Sales and Marketing Alignment Can Enhance the Sales Process and Close More Deals
It’s no longer the case that sales have full responsibility for the sales pipeline. That’s because according to recent research by SiriusDecisions, buyers can be more than two-thirds of the way through their initial research process when they decide to seek the input of a sales rep.
What this means is the need for sales and marketing to work together has increased.
In particular, there’s a greater need for marketing to leverage more influence over the conversations happening during the early stages of the B2B sales process. In particular, the parts of the cycle that happen independently of direct contact with sales reps.
So how can a close integration of marketing enhance the efficiency of the sales pipeline and help sales reps close more deals? Here are three key reasons revealed.
#1: Lead qualification Between Sales and Marketing
One of the most contentious discussions within the sales process and between sales and marketing is what constitutes an enquiry and what constitutes a “sales-ready” lead.
And here’s the problem.
Sales reps are more likely to achieve their quota if they are handed hot leads. Therefore it becomes a problem if marketing focuses on quantity or continually attracts the wrong sort of prospect. That’s because sales reps will find they waste too much time and effort talking with leads who are not in a position to buy. Even worse, they won’t invest the time and effort needed to close the leads that marketing does generate.
The solution is to put a check in place to properly qualify leads BEFORE they are passed over to sales. For example, a best practice solution is to introduce an agreed system for scoring and grading leads to ensure the right opportunities are passed over to sales for lead nurturing.
Qualification within lead generation works best when sales and marketing work together on the definitions. There needs to be a consensus as to what constitutes a real sales opportunity and what the key indicators are. Then, with a clear process and qualification system in place, marketers can focus on attracting more of the right type of prospect. In turn, sales can invest more time nurturing relationships with people who have a high chance of converting.
There are further company-wide payoffs for focusing on this.
For example, highly qualified leads are likely to progress through the sales pipeline (or a funnel) far quicker than a poorly qualified lead. This is a significant advantage because research suggests that the longer an individual stays in a pipeline, the less chance they have of converting.
In addition, a highly qualified lead is likely to convert quicker. In turn this reduces your cost per sale. But perhaps more importantly, frees time-pressed sales reps to focus on nurturing more deals and closing more sales.
#2: Marketing automation
Marketing automation can have a profound impact on the sales process. The most obvious benefit of marketing automation is its affordability. It’s far less labour intensive that constant human contact, and therefore injects scope to deliver scale.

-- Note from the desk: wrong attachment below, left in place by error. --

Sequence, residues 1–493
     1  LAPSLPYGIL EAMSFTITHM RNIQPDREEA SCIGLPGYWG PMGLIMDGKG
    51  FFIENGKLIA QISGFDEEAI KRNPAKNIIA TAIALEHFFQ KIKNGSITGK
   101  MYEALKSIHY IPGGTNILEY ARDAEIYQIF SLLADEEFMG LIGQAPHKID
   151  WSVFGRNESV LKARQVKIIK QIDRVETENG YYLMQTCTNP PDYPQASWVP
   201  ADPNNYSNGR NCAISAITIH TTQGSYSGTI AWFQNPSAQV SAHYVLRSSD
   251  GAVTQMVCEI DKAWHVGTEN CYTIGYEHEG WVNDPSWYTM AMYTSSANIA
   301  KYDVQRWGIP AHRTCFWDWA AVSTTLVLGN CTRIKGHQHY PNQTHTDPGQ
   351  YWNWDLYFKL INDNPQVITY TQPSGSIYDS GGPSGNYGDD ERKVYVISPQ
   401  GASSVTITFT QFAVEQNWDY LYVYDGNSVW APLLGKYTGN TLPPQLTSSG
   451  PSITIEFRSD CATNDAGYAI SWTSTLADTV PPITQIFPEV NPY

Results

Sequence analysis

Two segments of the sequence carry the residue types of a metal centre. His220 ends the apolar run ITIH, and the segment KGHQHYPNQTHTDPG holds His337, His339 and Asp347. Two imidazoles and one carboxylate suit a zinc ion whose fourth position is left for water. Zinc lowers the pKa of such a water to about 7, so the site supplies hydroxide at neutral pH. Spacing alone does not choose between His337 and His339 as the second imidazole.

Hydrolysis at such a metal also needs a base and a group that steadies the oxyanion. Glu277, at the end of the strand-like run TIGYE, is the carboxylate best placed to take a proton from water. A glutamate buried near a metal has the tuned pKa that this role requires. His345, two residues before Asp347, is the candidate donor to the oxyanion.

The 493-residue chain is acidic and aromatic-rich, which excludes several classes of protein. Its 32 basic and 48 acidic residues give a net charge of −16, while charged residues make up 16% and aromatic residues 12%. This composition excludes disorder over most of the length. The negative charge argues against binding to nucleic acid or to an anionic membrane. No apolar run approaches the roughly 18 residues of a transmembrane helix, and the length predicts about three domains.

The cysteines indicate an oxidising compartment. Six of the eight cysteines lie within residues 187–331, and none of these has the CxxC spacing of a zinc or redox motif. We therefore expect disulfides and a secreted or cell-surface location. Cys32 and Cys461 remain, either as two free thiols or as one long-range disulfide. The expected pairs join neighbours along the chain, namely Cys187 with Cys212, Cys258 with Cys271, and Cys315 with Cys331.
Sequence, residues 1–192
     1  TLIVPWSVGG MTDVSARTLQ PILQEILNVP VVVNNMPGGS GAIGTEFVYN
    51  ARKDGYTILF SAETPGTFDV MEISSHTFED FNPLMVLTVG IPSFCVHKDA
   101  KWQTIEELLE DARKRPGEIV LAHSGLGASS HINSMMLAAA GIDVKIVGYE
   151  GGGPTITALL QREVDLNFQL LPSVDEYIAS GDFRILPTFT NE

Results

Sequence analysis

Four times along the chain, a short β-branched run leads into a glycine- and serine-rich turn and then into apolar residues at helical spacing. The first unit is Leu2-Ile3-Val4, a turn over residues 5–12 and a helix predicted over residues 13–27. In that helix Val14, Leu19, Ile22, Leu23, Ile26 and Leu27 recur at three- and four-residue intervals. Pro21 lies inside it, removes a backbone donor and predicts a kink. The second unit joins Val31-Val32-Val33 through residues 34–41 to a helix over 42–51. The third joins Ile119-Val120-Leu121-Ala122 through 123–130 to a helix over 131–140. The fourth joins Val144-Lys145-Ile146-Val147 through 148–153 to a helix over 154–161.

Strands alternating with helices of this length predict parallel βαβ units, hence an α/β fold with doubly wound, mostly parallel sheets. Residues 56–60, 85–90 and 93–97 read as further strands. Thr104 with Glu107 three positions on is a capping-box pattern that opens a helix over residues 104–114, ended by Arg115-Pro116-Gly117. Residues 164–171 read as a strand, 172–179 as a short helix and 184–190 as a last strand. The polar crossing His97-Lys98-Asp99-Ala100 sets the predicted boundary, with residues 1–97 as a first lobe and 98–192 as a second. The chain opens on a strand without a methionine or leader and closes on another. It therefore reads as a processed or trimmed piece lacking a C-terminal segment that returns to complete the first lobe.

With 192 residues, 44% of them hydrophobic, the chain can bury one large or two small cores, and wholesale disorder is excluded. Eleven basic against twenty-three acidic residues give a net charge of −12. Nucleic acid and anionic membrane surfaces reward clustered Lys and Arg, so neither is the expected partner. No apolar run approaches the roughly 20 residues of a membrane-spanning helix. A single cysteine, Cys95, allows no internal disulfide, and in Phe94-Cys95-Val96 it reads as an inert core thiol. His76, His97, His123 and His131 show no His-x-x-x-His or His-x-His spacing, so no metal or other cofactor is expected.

Marketing automation software (linked to your CRM), can be used by marketers to prepare messages designed to nudge prospects along the sales pipeline.
In addition, because marketing automation software is now so sophisticated, it’s possible to issue highly personalized messages, scheduled to arrive at pre-determined dates and times. In addition, marketing automation holds the scope for smart database segmentation. This means different messages and offers can be scheduled in – and the results can be observed and tweaked to enhance performance and return. Such sales contact management and segmentation can help you stay on top of your customer relationships.
Marketing automation works best when it applies to the whole marketing process and not just emails. Autoresponders are the most obvious usage, but sales calls can also be scheduled in along with text messages, direct mail and other forms of “touching base” with your list.
#3: Staying in touch
Finally, marketing can help enhance the sales process by ensuring your business stays on the radar. After all, it’s not your customer’s job to remember to do business with you. In comparison, you need to remind them.
The risk is that sales reps will focus on the “low-hanging fruit”. After all, these prospects have the highest chance of converting and are the easiest way of ensuring a sales rep gets ever closer to his/her quota in much less time.
But the risk with this strategy is there will inevitably be a high percentage of prospects who may buy – but just not right now. And if these people are “left”, the likelihood is they will get forgotten and leak out. And once this happens, they are at risk of getting picked up by the competition.
In comparison, if marketing creates plenty of well timed “keeping in touch” material, dormant leads could be reactivated and become hot (and in turn, a sales rep can jump on these). In addition, marketing can keep a close eye on prospects who leak from the pipeline and create incentives and opportunities to recycle them back in.
And the end result is your sales pipeline stays fuller for longer. Plus, your marketing generates a higher ROI.
How has the alignment of sales and marketing enhanced your sales process? What tactics have you used to generate more leads and close more sales? Please share your thoughts in the comments below.